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Sunday, 30 December, 2001, 09:00 GMT
NFT marks 50 with Kurosawa season
Kurosawa, Coppola and Lucas
Kurosawa with Francis Ford Coppola and George Lucas
The National Film Theatre is about to turn 50 - and BBC News Online's Robert White is looking forward to the celebrations.

The NFT is not normally an institution to rest on its laurels.

So it comes as a surprise to learn that it plans to celebrate its 50th year by indulging in some good old, middle-aged retrospection.

Akira Kurosawa
"The emperor of Japanese cinema" died in 1998

Throughout 2002, London's temple to celluloid will be showing some of the greatest films to grace its screens over the past half-century.

Cinephiles in most major cities in the UK will also be able to catch many of the films.

The celebrations begin, in January and February, with a major retrospective of the films of the late Akira Kurosawa - arguably the greatest of all Japanese directors.

The choice is apt - the Rashomon director was there at the very start. Well, almost.

In 1957 when the five-year-old NFT moved to its new location, under Waterloo Bridge, Kurosawa was one of the guests of honour at the opening night - along with fellow cinema legends John Ford, Vittorio de Sica, Gina Lollobrigida and Laurence Olivier.

Kurosawa at the NFT in 2002
Throne of Blood
The Hidden Fortress
Drunken Angel
Stray Dog
Seven Samurai
I Live in Fear
The Bad Sleep Well
Red Beard

Three Kurosawa films were among those screened in the NFT's pioneering season of Japanese cinema, in 1959.

But there is another reason Kurosawa is an inspired choice as the NFT's curtain-raiser.

His films stand as a monument to the unrivalled ability of cinema, of all the arts, to combine true artistry and blockbusting popular appeal.

It was the growing appreciation of the possibilities of mass culture, in the newly democratic climate of the postwar, that provided much of the impetus for founding a National Film Theatre in the first place.


Star Wars director George Lucas says of Kurosawa: "There are few filmmakers whose films are such a triumph of art and entertainment.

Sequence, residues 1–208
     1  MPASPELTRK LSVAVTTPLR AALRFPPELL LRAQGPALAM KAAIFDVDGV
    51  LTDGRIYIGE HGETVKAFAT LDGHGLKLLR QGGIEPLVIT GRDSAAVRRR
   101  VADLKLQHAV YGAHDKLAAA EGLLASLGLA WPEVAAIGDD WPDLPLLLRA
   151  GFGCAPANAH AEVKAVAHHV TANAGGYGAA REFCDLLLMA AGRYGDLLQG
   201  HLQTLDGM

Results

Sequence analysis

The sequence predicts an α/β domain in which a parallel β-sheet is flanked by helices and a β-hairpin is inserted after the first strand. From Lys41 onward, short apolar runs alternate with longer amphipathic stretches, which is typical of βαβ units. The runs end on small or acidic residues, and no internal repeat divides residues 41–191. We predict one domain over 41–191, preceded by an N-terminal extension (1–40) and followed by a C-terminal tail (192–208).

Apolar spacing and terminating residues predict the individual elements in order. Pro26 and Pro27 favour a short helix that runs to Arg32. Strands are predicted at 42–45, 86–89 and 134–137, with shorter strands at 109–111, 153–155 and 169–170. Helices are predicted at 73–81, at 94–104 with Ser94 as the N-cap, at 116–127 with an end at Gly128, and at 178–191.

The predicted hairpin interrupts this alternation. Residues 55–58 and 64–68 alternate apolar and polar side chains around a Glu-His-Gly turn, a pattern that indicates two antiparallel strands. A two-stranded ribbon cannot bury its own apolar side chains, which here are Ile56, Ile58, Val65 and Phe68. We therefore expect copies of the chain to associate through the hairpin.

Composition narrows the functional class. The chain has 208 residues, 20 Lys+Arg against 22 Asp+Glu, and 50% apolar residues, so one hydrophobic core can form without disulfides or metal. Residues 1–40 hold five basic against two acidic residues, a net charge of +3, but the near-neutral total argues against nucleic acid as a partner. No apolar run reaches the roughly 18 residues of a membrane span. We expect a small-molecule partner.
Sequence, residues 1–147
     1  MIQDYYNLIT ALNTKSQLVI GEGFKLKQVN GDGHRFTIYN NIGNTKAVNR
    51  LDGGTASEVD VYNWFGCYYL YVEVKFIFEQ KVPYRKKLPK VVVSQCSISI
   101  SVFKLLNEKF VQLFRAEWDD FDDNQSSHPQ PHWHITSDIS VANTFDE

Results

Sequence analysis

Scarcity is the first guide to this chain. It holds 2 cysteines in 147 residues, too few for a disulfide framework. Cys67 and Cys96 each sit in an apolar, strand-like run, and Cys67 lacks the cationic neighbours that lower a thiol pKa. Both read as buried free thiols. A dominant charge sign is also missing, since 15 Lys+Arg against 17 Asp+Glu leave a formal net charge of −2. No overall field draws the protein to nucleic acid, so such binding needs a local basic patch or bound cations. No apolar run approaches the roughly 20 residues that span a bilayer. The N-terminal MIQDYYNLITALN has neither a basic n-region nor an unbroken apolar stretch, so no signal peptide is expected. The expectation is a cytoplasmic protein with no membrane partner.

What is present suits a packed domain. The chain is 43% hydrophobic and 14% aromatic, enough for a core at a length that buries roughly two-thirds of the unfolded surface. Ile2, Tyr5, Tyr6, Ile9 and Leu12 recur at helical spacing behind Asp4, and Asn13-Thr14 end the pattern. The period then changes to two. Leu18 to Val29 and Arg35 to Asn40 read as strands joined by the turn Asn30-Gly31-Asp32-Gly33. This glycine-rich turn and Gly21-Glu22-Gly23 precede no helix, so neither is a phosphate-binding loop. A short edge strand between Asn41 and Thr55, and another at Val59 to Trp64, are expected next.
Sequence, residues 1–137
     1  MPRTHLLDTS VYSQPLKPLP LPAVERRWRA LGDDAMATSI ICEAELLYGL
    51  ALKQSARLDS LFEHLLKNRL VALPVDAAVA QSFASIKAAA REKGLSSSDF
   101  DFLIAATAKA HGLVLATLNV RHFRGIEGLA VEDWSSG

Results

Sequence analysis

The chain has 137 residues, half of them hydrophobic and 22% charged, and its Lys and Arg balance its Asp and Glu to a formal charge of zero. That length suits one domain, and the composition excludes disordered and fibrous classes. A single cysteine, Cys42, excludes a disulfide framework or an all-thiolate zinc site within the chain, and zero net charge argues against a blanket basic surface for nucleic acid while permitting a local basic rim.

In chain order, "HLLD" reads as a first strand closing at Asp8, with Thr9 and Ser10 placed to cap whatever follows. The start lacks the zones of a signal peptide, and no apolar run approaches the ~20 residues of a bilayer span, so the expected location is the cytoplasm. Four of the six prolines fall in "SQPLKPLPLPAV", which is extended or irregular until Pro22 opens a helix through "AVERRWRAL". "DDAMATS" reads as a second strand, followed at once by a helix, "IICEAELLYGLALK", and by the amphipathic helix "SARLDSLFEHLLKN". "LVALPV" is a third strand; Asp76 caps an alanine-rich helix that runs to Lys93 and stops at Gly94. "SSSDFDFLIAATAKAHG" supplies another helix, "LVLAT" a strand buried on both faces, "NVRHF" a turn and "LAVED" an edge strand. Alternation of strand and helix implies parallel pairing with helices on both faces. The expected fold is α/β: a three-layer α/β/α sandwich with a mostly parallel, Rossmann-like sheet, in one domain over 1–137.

"Kurosawa's genius lies in his ability to combine brilliant craftsmanship with entertainment."

Lucas describes the director's appeal to western audiences as a "testament to his universality".

This is something Lucas should know all about, having based Star Wars on Kurosawa's film The Hidden Fortress.

But his point is an important one.

Kurosawa is largely responsible for opening Western eyes to the wider cinematic world, and has wielded enormous influence over US and European directors.

Hollywood remade his Seven Samurai as The Magnificent Seven, and Yojimbo inspired Sergio Leone to make A Fistful of Dollars.

But the traffic does not only run from east to west.

The NFT's 10 most popular films
Some Like It Hot
Kind Hearts and Coronets
The Third Man
It's A Wonderful Life
The Singing Ringing Tree
The Exorcist
Singin' in the Rain
Citizen Kane
Les Enfants du Paradis
Lawrence of Arabia

Kurosawa's literary adaptations include Dostoyevsky's The Idiot and Gorky's The Lower Depths.

Shakespeare's Macbeth was transformed into Throne of Blood, while, towards the end of his career, King Lear became Ran.

Kurosawa's prominence in the year-long programme of retrospectives highlights the NFT's role in bringing the world's cinema to the UK.

Godard, Truffaut, Bertolucci, Fassbinder, Fellini and Visconti are among the foreign directors introduced to these shores by the NFT.

In February and April, the NFT will be looking back at the work of British director Alan Clarke, whose feature films include Scum, and Rita, Sue and Bob Too.

April, May and June sees a complete restrospective of Eric Rohmer's work.

In July, the spotlight falls on Satyajit Ray, and in September on Erich von Stroheim.

October finds the NFT celebrating Alec Guinness, whose acting career spanned almost the entire 50 years of the film theatre's existence.

And in November and December, the NFT is screening the films of Hollywood star James Stewart, including Harvey, It's a Wonderful Life, The Shop Around the Corner, The Philadelphia Story and Vertigo.

See also:

06 Sep 98 | Asia-Pacific
Akira Kurosawa Filmography
06 Sep 98 | Asia-Pacific
Master director dies
27 Sep 01 | Film
Woody Allen takes centre stage
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